Do not help this poster. You will not receive any gratitude, but you most
    probably be lambasted for not doing enough to help him. Even if you put
    in any of your precious time to help him, you will not get any
    appreciation for your efforts.

    YOU HAVE BEEN WARNED!

    Note the words I've quoted above. He actually agrees with this warning.



    --
     
    Aardvark, Dec 16, 2010
    #13
  14. richard

    Mike Yetto Guest

    We (tinw) have sampled your gratitude nd it is not worth the
    effort.

    Mike "HTDH and HALD" Yetto
     
    Mike Yetto, Dec 16, 2010
    #14
  15. richard

    Mike Yetto Guest

    Make sure they know they *must* solve *all* your problems.

    Mike "no half measures accepted" Yetto
     
    Mike Yetto, Dec 16, 2010
    #15
  16. richard

    anyone Guest

    FWIW:

    Some modems can be configured as a 'bridge'. If yours is configured as a
    bridge, it will only pass data between your local network and the Central
    Office. In that mode, you still need something else to manage the
    protocol (usually PPPoE), the username, password, Network Address
    Translation, Firewall, and so on. To verify this, or change the mode, you
    need to open the management HTML page for the modem. If your modem is pre-
    configured as a bridge, you open the HTML page for the switch (also
    incorrectly called a router) that sits between the bridge and your
    network. My experience: open a browser and enter 192.168.1.1 in the
    address bar.

    That HTML page is usually where you choose the protocol (PPPoE), choose
    DHCP, enter a username and password for access to the server in the CO.
    Once that data is entered, and depending on the configuration chosen by
    the ISP, you wait a minute or two for an authentication process to
    complete.

    As Mr. Plow wrote, modems usually have at least one LED for sync status
    and sometimes another for authentication. When you first connect the UTP
    line, and before your modem has completed authentication, the "sync light"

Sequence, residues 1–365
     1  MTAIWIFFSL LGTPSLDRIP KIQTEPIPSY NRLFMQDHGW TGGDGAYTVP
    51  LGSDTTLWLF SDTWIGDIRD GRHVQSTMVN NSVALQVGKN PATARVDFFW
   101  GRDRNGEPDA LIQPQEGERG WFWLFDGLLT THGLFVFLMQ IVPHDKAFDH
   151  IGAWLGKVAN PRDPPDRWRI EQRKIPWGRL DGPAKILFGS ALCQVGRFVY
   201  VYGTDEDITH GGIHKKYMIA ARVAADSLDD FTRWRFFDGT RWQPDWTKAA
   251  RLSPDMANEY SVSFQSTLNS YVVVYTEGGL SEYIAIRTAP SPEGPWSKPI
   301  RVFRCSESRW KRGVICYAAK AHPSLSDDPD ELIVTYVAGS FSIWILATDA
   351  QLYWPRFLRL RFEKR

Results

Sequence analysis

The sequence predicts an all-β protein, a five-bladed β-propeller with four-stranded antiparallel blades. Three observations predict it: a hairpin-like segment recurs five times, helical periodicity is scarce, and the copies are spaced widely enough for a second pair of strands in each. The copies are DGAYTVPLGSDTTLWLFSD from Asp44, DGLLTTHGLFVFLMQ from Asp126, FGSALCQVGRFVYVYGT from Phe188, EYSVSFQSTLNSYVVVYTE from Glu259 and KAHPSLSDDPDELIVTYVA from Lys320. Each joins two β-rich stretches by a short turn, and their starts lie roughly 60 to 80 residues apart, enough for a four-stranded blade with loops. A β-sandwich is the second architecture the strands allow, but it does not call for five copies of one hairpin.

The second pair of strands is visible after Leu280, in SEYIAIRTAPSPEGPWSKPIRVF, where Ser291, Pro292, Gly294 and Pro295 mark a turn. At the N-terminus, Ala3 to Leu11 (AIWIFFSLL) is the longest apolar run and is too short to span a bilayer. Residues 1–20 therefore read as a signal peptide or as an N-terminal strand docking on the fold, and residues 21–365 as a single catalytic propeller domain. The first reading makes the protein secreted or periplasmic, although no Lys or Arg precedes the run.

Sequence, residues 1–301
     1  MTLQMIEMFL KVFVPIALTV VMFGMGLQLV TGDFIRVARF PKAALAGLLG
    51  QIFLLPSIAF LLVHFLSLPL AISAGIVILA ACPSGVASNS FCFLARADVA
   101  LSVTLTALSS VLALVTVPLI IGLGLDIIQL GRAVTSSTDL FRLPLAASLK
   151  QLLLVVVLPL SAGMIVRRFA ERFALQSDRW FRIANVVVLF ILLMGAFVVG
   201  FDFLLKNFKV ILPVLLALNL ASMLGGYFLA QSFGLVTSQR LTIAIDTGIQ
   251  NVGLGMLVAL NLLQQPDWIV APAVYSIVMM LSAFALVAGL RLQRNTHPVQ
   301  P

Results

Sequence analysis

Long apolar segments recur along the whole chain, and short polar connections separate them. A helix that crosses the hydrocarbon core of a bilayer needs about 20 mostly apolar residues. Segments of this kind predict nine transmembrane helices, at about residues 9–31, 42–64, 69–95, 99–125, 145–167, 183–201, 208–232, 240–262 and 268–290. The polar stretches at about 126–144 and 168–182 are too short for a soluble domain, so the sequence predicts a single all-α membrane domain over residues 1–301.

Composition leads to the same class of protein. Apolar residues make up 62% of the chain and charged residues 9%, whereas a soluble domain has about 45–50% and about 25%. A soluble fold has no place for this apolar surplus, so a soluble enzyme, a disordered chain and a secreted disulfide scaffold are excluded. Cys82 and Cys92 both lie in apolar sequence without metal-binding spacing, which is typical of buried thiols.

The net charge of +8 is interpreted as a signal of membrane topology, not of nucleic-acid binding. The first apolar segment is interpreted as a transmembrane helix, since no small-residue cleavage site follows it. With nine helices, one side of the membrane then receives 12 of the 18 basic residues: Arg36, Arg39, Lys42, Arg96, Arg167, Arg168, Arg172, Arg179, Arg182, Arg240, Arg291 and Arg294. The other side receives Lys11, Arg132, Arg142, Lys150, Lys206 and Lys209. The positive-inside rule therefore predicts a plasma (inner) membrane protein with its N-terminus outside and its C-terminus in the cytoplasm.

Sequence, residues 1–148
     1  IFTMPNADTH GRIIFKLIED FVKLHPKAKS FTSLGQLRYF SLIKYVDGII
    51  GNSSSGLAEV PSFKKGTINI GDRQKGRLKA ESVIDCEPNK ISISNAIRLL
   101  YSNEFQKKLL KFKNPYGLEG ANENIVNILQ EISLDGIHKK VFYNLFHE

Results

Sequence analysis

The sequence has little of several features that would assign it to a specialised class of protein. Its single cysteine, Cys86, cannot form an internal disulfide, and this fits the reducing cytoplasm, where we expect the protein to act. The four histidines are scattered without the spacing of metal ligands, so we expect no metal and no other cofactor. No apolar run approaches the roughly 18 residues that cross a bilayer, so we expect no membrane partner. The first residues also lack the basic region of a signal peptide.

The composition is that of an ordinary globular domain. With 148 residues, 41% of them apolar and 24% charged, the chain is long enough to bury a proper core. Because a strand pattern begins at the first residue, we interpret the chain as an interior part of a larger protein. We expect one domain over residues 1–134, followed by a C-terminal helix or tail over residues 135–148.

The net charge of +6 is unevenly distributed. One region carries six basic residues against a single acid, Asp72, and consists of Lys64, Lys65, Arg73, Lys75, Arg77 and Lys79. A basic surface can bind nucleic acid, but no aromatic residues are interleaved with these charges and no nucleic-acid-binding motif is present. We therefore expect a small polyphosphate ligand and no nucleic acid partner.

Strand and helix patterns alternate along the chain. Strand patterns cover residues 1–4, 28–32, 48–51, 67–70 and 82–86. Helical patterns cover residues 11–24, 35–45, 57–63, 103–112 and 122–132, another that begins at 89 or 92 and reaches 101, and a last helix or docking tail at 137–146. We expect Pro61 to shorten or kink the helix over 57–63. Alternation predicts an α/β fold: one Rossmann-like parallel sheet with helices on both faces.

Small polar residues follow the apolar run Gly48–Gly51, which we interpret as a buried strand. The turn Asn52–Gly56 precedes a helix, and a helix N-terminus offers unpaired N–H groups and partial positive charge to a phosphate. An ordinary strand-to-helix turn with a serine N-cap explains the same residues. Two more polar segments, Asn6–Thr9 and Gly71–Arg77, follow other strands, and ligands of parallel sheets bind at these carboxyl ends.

should be On and steady (check the user manual). If there is a second
    LED, it will indicate a fault condition (flashing, Red, something similar)
    until the modem has successfully completed authentication. If the sync
    LED is not 'steady' (good synchronizaton), it's time to call Tech Support
    because you have some kind of line problem and no amount of entering user
    credentials will fix it.

    If the ISP included software with the modem, and you're still not
    comfortable with the HTML setup, there usually is some kind of automated
    installation program that will walk you through everything, including the
    MAC address of the modem when it is needed.
     
    anyone, Dec 16, 2010
    #16
  17. richard

    n0i Guest

    Could you be a lot more specific?

    n0i
     
    n0i, Dec 16, 2010
    #17
  18. richard

    Bert Hyman Guest

    In Steel
    My ISP didn't know the MAC address of my router, nor did Qwest and
    neither care.

    I could go to the drugstore, buy another, plug it in and it would work,
    so long as I configured it properly.
     
    Bert Hyman, Dec 16, 2010
    #18
  19. richard

    Bert Hyman Guest

    In Steel
    Not really. In my installaion, the initial DHCP discover message sent by
    the router contains the MAC address. Since my chosen ISP is the only
    place that message is going, there's no danger of any confusion.
     
    Bert Hyman, Dec 16, 2010
    #19
  20. richard

    n0i Guest

    Here, my ISP doesn't care. I can make a linux router out of an old PC,
    or buy one somewhere...and have it work. Not all ISPs require you to
    hand over mac addys

    n0i
     
    n0i, Dec 16, 2010
    #20